Audit reports show Bath ‘improving’

Mary Perham
Bath Municipal Building

Bath Village operations are improving, according to a recent independent audit, but more work needs to be done.

The fiscal review, by Bonadio and Co., was hampered because of the village’s chaotic operations from 2007-mid 2010, according to auditors.

The lack of financial oversight at the village and its utility, Bath Electric Gas and Water Systems, during the past few years also was reported by the state Comptroller’s Office a year ago.

However, while the lack of important fiscal details hampered the village board last year, auditors reported the village’s healthy reserves and tightened spending overcame highly inflated revenue estimates for 2011.

According to the audit for the year ending May, 31, 2011, revenues for the $4.3 million budget fell short last year by nearly $537,000.  Spending in 2011 was reduced by $403,000, leaving a deficit of $134,000, which was easily covered by the village’s $1.9 million reserve.

The report also showed the village utility, Bath Electric Gas and Water Systems is on solid ground, although some areas show a slight deficit. The audit noted rate hikes are in place to reduce the deficits.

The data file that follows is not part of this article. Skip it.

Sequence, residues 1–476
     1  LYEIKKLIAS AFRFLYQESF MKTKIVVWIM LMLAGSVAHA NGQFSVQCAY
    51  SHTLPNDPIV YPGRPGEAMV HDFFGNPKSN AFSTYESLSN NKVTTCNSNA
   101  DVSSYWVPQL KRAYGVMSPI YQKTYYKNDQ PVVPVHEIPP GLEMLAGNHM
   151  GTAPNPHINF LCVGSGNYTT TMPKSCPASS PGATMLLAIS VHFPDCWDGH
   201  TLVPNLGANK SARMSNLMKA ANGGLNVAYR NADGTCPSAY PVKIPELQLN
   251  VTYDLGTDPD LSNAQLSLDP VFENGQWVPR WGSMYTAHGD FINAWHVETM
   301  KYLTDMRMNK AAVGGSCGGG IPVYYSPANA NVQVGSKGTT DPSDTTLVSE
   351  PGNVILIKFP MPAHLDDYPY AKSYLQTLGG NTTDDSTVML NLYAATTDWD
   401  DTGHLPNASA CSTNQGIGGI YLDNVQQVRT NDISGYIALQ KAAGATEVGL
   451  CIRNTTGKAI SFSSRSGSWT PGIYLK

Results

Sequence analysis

Trustee Bill von Hagn, the village board’s liaison with BEGWS, credited village Clerk Nonie Flynn and the utility’s financial officer Jim Houseman with working hard to locate the information needed for the audit.

“Nonie, in particular,” von Hagn said. “She has been an incredible help in re-establishing a baseline.”

Bonadio’s report also made several recommendations to improve the financial standing of both the village and the utility, including:

•    Management becomes more active in financial statement preparations.

•    Review the village’s contract with the Bath Volunteer Fire Department to ensure the terms are carried out.

•    Establish formal policies on credit card use, capital assets, investments and deposits, and collateral tracking.

•    Set up internal controls over cash receipts, with duties split between more than one village or BEGWS employee.

•    Analyze actual budgets every quarter.

•    Ensure employees are paid for accrued vacation time according to contracts.

•    Review BEGWS management’s timesheets and vacation requests.

•    Set up a secure accounting back-up system, including disaster recovery.

Village Trustee John Stranges said he was pleased with the audit.

“The village part was excellent,” he said. “We were quite thrilled with the changed system.”

According to the audit for the year ending May, 31, 2011, revenues for the $4.3 million budget fell short last year by nearly $537,000.

Spending in 2011 was reduced by $403,000, leaving  a deficit of $134,000, which was easily covered by the  village’s $1.9 million reserve.